Brendan Rodgers appointment signals new direction for Leicester

New era

After weeks of pressure and speculation, Claude Puel’s time at Leicester City finally came to an end at the weekend in the aftermath of their heavy 4-1 defeat to Crystal Palace in the Premier League.

It was the Foxes’ seventh defeat in nine games and their fourth straight loss at the King Power Stadium, form which has seen the team slide down to 12th in the Premier League table ahead of tonight’s clash with Brighton.

In many ways Puel’s time at Leicester has ended in much the same way as his spell with Southampton, with supporters growing restless and ultimately bored of his team’s style of football. Leicester have scored just twice in their last four home games, despite having a number of quality attacking players in their side.

The Frenchman has overseen what has been one of the most difficult seasons in the club’s history following the death of chairman Vichai Srivaddhanaprabha and acted with class and dignity in the aftermath of the helicopter crash.

However, results on the pitch haven’t been good enough in recent times and it felt like only a matter of time before Puel would be relieved of his duties.Celtic have given Brendan Rodgers permission to speak to Leicester about succeeding Puel at the King Power Stadium, despite the Scottish side being on course to win 10 straight league titles.

The timing of Rodgers’ decision to potentially leave mid-season has come as a real shock to many Celtic fans, many of whom are surprised at the fact he would swap Celtic for Leicester. The lure of the Premier League has proven to be too strong for the former Liverpool boss, who has been rebuilding his reputation north of the border.

Claude Puel

Change of style

In moving from Puel to Rodgers, Leicester supporters can expect to see a far more entertaining brand of football than they have been accustomed to in recent months if Rodgers’ track record is anything to go by.

At Liverpool, his team played some of the finest attacking football that Anfield has seen in the Premier League era with the likes of Luis Suarez, Daniel Sturridge, Raheem Sterling and Philippe Coutinho all flourishing in attack. They came as close as any Liverpool side to winning the Premier League title before the nightmares of Chelsea and Crystal Palace in the closing weeks.

Rodgers will encourage his team to pass the ball out from the back and build steady attacks, something which should suit the personnel they have in the squad, particularly Harry Maguire in defence. In Ben Chilwell and Ricardo Pereira he has two full-backs that love to bomb forward and one of the league’s most consistent goalkeepers in Kasper Schmeichel.

Given the quality in this Leicester team, there is no doubt that they have underachieved to this point of the season so far.

Rodgers has a reputation for improving individual players, particularly young players, through working with them on the training ground. He could well prove to be a huge beneficiary for James Maddison, Harvey Barnes and Demarai Gray and has a track record for helping take attacking players to the next level.

James Forrest, Tom Rogic and Callum McGregor have all vastly improved under Rodgers’ tutelage at Celtic, with both he and his coaching staff playing a key role in their development over recent years.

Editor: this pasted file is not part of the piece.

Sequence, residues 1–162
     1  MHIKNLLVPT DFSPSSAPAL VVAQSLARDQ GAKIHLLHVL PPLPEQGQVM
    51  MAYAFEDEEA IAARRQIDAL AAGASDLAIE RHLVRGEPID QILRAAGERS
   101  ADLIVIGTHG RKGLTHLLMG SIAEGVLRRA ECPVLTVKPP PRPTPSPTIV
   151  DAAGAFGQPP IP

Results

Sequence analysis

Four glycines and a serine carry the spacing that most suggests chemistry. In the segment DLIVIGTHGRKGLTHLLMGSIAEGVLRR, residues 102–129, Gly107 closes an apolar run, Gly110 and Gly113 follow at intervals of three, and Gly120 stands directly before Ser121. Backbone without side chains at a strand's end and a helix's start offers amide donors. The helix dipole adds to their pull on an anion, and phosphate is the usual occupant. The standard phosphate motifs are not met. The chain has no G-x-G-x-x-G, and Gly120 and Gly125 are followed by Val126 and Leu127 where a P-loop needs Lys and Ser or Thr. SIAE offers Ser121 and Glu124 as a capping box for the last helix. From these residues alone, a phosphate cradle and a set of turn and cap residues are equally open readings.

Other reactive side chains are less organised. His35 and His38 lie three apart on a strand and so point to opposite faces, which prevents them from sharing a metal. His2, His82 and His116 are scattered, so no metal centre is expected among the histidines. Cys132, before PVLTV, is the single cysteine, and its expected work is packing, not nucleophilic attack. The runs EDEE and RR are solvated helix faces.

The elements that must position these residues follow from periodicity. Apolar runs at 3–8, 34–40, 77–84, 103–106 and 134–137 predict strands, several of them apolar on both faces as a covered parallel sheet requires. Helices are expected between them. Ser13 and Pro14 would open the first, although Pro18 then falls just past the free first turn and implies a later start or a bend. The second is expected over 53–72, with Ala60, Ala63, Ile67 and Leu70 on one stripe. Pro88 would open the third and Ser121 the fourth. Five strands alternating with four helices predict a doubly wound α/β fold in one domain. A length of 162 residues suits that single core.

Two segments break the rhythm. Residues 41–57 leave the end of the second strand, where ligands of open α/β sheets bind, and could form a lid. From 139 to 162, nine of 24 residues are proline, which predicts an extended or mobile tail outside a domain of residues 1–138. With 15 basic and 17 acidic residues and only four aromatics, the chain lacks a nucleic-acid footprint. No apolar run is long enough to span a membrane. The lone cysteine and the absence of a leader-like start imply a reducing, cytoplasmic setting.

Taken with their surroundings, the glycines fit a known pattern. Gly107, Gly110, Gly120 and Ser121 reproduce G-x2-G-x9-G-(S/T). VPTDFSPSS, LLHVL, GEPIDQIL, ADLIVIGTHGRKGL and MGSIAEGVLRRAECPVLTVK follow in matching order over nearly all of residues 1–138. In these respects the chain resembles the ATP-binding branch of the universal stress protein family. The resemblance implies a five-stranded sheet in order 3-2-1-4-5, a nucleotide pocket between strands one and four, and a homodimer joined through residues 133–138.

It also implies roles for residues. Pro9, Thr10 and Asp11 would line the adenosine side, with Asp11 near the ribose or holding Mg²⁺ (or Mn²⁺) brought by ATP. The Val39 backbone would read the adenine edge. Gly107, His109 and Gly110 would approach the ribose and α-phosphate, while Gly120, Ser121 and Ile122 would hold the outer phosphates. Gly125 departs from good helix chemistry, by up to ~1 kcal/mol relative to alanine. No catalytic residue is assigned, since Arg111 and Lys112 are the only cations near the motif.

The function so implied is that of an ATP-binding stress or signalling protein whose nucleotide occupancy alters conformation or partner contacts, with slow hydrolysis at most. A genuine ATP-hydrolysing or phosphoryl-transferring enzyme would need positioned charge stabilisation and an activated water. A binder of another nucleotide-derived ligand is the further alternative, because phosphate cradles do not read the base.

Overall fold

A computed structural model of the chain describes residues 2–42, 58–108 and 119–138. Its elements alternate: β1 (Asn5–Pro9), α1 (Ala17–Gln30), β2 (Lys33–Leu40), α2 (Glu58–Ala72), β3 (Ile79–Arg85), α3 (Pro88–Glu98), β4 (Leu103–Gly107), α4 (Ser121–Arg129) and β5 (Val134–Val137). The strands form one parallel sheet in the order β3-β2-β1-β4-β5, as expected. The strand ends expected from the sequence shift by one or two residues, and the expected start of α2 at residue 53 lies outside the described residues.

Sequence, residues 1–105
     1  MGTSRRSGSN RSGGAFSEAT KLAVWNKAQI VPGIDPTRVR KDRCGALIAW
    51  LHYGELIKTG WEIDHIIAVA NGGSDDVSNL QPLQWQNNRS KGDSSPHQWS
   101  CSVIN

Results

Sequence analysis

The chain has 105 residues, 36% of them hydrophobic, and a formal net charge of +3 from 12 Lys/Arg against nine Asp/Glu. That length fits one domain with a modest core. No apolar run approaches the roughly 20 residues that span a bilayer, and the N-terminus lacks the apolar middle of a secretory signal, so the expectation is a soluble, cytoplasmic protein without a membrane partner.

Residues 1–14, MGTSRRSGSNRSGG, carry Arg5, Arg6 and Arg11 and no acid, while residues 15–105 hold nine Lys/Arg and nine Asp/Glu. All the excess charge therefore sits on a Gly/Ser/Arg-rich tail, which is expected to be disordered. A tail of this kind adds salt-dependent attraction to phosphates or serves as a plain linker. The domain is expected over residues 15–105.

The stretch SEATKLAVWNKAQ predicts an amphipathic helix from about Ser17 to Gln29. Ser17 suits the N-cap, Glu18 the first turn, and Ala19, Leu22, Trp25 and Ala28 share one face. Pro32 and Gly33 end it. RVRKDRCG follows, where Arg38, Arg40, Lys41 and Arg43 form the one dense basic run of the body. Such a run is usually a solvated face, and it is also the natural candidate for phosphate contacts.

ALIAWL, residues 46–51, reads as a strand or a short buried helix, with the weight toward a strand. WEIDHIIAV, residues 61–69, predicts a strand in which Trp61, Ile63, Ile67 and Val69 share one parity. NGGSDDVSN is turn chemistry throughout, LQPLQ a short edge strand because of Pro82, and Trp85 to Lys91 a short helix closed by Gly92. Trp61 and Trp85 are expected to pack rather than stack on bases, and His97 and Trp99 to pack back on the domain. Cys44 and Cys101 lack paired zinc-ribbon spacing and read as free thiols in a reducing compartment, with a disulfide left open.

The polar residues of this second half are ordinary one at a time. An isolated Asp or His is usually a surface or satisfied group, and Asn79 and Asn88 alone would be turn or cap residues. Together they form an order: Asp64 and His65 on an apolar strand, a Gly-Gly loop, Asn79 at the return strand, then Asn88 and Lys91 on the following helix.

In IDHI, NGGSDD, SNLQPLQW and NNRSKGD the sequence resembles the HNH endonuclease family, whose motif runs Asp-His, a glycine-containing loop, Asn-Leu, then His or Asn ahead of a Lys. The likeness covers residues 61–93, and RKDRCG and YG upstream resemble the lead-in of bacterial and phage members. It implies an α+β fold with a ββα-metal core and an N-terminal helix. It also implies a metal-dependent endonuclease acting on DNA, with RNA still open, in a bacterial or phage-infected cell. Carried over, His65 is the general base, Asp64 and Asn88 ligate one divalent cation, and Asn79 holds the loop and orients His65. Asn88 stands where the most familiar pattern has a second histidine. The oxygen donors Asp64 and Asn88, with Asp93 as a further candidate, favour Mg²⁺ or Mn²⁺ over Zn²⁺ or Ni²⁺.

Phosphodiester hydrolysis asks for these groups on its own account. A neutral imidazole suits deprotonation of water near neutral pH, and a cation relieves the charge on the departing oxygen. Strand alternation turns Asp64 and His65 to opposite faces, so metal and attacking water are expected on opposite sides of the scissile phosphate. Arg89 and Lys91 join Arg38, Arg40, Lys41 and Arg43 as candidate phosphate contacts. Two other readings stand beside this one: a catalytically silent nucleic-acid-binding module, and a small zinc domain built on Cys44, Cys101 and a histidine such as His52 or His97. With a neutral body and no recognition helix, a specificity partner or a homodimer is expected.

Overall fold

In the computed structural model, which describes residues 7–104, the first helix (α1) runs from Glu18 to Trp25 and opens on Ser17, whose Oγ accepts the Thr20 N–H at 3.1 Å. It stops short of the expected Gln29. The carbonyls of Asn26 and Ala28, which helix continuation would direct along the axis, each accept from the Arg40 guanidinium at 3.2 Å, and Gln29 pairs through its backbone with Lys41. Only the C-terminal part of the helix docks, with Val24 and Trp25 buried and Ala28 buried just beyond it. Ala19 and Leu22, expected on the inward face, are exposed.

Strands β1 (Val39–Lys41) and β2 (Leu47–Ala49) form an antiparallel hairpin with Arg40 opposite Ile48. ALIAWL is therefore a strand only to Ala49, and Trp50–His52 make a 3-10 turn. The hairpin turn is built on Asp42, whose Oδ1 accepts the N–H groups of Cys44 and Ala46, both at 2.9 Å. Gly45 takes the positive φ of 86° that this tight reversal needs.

With technically gifted players like Maddison, Gray and Youri Tielemans in their squad, playing in the pragmatic way Puel encouraged doesn’t play to their strengths. Don’t forget the fact they have a striker capable of reaching double figures each season in Jamie Vardy, too.

This is a squad that should be playing on the front foot, getting the most out of their attacking players who have the ability within to win games for the team.

That is likely what the appointment of Rodgers was inspired to bring, with Leicester fans eager to see their team play more expansively.

Brendan Rodgers Celtic

Is now the right time to move?

Many have questioned the timing of Rodgers’ decision, with Celtic on track to win an eighth straight Scottish Premiership title this season after opening an eight-point gap between themselves and second-placed Rangers.

They are also on for the treble for a third straight season after already winning the League Cup earlier this season and are favourites to win the FA Cup, also.

As impressive as Celtic’s dominance has been, there comes a stage where a new challenge is needed and now does feel like a good time for Rodgers to return to the Premier League. Before this season, Celtic had very little resistance to sweeping up the full collection of trophies available in Scotland and Rodgers is ultimately at the stage of his career where he needs something new to strive for.

He is an ambitious manager and will be targeting a return to a top-six job in the Premier League at some stage, something he was unlikely to walk into if he continued to stroll to titles in Scotland year in, year out.

From that perspective it's a bold move for him, as he swaps title challenging in one country to trying to finish seventh and sneak a place in Europe in another. If the risk pays off, he could well land himself a job at one of the top clubs in England should he impress much in the way he was able to at Swansea City.

Rodgers could also do far worse than inherit a squad that features names such as Schmeichel, Maguire, Chilwell, Maddison, Gray and Vardy to name a few.

Leicester are ready to be competitive in the Premier League and have everything in place to be ‘the best of the rest’ outside of the top six. The task for Rodgers now is to unlock that potential.

James Maddison Leicester